How would Batman get enough rest?
The difficulty for Batman is he's going to be trying to sleep during the day. He's going to be really tired, actually, unless he can shift himself over to just being up at night. If he were just a nocturnal guy, he would actually be a lot healthier and have a lot better sleep than if he were doing what he does now, which is getting some light here and there. That's going to mess up his sleep patterns and duration of sleep.
Wouldn't fighting Gotham's thugs every night take its toll?
The biggest unreal part of the way Batman's portrayed is the nature of his injuries. Most of the time, in the comics and in the movies, even when he wins, he usually winds up taking a pretty good beating. There's a real failure to show the cumulative effect of that. The next day he's shown out there doing the same thing again. He'd likely be quite tired and injured.
Is there any indication in the comics of how long Batman's career lasts?
The comics are really vague on this, of course. In Frank Miller's The Dark Knight Returns, he deliberately shows an aging Batman coming back after he's retired, and he highlights him being tired and weaker. Somewhere around age 50 to 55, he should probably retire. His performance is going down. He's always facing younger adversaries. That is well at the end of when he's going to be able to defend himself and be able to not have to deal that lethal force. This was actually shown in an animated series called Batman Beyond.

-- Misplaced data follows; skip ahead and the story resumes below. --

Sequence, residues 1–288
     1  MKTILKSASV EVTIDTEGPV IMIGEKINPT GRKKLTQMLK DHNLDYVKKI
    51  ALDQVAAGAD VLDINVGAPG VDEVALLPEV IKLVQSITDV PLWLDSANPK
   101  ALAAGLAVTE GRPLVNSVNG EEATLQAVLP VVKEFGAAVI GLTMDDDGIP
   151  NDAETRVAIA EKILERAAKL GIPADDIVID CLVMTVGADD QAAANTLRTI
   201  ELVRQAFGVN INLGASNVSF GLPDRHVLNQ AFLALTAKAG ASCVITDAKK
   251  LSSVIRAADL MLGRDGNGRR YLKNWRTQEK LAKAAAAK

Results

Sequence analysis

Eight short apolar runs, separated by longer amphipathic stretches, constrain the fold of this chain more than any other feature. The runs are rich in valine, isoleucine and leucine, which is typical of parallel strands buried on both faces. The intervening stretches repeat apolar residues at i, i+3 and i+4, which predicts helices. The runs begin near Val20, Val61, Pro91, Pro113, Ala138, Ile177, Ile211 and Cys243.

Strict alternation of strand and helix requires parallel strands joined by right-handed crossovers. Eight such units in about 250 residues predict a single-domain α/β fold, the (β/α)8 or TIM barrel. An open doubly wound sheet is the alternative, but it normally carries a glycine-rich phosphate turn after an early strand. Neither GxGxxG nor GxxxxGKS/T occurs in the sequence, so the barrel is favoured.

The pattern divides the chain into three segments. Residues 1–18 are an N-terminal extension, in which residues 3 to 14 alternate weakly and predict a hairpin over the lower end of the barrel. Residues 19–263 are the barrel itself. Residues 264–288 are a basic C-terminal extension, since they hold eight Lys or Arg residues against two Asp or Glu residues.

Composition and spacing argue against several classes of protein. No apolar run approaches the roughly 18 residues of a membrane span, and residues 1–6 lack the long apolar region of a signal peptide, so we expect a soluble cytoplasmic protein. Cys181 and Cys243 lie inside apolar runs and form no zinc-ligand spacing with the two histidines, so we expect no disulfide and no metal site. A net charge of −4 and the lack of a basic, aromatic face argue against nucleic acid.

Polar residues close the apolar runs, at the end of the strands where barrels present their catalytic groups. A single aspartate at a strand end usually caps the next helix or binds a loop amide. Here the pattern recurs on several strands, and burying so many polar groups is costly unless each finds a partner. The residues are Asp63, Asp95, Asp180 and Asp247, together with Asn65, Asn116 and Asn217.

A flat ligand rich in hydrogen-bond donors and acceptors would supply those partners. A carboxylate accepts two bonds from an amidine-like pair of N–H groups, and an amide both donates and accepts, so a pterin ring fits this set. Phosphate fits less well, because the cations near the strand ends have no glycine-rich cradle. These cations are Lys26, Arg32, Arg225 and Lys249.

Oh right. It's the future; Batman is old and he trains a kid to replace him.
You're familiar with that one? What we learn is that Batman, when he was older but before he retired, actually picked up a gun against a thug because he had to. His skills had let him down so that he wasn't able to defend himself without harming another person. So that's when he decided to retire.
How would all those beat-downs have affected his longevity?
Keeping in mind that being Batman means never losing: If you look at consecutive events where professional fighters have to defend their titles—Muhammad Ali, George Foreman, Ultimate Fighters—the longest period you're going to find is about two to three years. That dovetails nicely with the average career for NFL running backs. It's about three years. (That's the statistic I got from the NFL Players Association Web site.) The point is, it's not very long. It's really hard to become Batman in the first place, and it's hard to maintain it when you get there.
There's research suggesting that concussions might cause depression in NFL players. Could that be one reason why the Dark Knight is so brooding?
I went through a lot of comics and graphic novels and I only found a couple of examples where some of those blows to Batman's head had the effect of something like a concussion. Whereas in reality, that would be a very likely outcome. He's able to offset some of the physical damage to his head because of the cowl—it works a bit like a helmet. But these things would definitely add up. Since they don't admit that he has concussions, you can't really ascribe repeated concussions as the reason why he's brooding.